China seizes US underwater drone in international waters
THE Pentagon says a Chinese warship has seized a US Navy underwater drone collecting unclassified data in international waters in the South China Sea.
The incident has prompted a formal démarche from the United States and a demand for its return.
It is the first such seizure in recent memory and took took place on 15 December northwest of Subic Bay, just as the USNS Bowditch - an oceanographic survey ship - was about to retrieve the unmaned underwater vehicle (UUV), a US official told Reuters.
"The UUV was lawfully conducting a military survey in the waters of the South China Sea," the official said.
"It's a sovereign immune vessel, clearly marked in English not to be removed from the water - that it was US property."
Navy Captain Jeff Davis, a Pentagon spokesman, says the US is asking for the drone's return.
The incident is likely to fray the already tense relations between US and China. Beijing was angered by President-elect Donald Trump's decision to talk by phone with Taiwanese President Tsai Ing-wen earlier this month, and by his later comments that he did not feel "bound by a 'One China' policy" regarding the status of Taiwan, which has been US policy for decades.
Captain Davis says a civilian US Navy ship operated by the military's Sealift Command was recovering two of the unmanned gliders about 50 miles northwest of Subic Bay near the Philippines when the Chinese ship approached and took one of the small vessels. He says the Chinese ship acknowledged radio messages from the US ship, but did not respond to demands the glider be returned.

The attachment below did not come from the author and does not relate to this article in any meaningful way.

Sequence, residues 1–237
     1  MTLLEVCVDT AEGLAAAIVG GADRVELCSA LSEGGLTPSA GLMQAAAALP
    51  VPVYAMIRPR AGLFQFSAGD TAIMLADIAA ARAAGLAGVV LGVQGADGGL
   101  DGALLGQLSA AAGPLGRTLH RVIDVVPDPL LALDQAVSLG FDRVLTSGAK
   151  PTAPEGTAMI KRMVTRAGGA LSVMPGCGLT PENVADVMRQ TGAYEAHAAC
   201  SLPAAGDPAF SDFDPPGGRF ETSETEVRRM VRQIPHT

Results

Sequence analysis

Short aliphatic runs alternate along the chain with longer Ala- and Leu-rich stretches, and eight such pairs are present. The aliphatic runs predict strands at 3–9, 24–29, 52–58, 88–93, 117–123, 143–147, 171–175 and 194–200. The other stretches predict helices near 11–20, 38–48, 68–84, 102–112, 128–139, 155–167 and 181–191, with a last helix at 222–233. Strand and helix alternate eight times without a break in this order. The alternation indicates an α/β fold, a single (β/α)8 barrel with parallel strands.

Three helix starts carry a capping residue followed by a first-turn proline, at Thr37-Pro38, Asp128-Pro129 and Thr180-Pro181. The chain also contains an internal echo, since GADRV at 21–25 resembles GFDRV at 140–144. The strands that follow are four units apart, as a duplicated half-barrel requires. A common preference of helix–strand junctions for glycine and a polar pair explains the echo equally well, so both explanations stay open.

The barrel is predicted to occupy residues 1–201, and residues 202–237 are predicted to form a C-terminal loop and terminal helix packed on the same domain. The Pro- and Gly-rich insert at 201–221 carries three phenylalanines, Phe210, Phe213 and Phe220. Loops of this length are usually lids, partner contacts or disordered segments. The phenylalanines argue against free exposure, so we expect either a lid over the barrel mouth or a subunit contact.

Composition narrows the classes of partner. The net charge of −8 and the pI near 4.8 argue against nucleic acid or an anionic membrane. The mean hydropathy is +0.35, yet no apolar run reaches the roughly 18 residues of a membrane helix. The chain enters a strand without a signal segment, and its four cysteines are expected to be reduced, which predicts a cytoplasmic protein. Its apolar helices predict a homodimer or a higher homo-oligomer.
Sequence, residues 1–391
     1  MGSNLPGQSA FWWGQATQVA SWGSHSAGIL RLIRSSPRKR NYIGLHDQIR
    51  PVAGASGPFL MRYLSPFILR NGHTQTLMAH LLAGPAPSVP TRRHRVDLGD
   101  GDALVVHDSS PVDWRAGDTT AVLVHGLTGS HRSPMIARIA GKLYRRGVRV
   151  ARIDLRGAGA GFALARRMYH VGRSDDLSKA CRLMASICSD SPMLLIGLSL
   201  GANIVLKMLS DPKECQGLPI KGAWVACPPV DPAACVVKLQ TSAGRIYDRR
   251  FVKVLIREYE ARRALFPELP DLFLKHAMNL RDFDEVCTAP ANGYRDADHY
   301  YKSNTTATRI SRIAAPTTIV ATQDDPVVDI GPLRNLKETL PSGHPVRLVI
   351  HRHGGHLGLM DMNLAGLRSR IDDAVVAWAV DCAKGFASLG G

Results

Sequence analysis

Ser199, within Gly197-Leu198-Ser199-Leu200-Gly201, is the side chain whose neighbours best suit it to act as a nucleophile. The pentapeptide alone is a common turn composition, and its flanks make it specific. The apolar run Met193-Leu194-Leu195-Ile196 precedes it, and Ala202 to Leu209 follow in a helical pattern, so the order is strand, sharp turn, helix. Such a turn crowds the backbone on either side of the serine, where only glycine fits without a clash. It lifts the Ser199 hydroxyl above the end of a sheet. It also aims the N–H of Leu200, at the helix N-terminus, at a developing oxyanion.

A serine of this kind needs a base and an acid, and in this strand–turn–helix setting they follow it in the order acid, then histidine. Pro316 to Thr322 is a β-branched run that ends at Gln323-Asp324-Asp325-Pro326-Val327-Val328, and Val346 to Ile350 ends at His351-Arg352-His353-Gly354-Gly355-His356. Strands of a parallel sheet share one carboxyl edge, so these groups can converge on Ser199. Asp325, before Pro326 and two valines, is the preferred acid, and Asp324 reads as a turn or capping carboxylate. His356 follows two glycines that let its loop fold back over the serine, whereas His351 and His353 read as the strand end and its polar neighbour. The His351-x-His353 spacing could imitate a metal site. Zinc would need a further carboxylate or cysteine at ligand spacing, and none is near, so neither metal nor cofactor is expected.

The Chinese have acknowledged the démarche but not responded to it.
"It is ours. It's clearly marked as ours. We would like it back, and we would like this not to happen again," said Captain Davis
The seized underwater drone was part of an unclassified program to collect oceanographic data, including salinity, temperature and clarity of the water, according to the official. Such data can help inform US military sonar data.
The incident will add to concerns about China's growing military presence in the disputed South China Sea. The Center for Strategic and International Studies (CSIS), a US security think tank, said in a report late on Wednesday that China appears to have installed anti-aircraft guns and close-in weapons systems designed to guard against missile attack on its seven newly created islands in the disputed sea.
On Thursday the US Pacific fleet said it was ready to confront China should it continue to pursue overreaching maritime claimes in the sea.
Bonnie Glaser, senior adviser for Asia at CSIS, told the Associated Press that the seizure of the glider appeared to occur inside the exclusive economic zone of the Philippines, not China, and appeared to be a violation of international law.
She said China was likely sending a signal to Mr Trump's incoming administration because of his comments about Taiwan. After those comments, Chinese government spokesman An Fengshan said breaching the One China principle "will seriously affect peace and stability across the Taiwan Strait," and undermine relations between Beijing and Washington.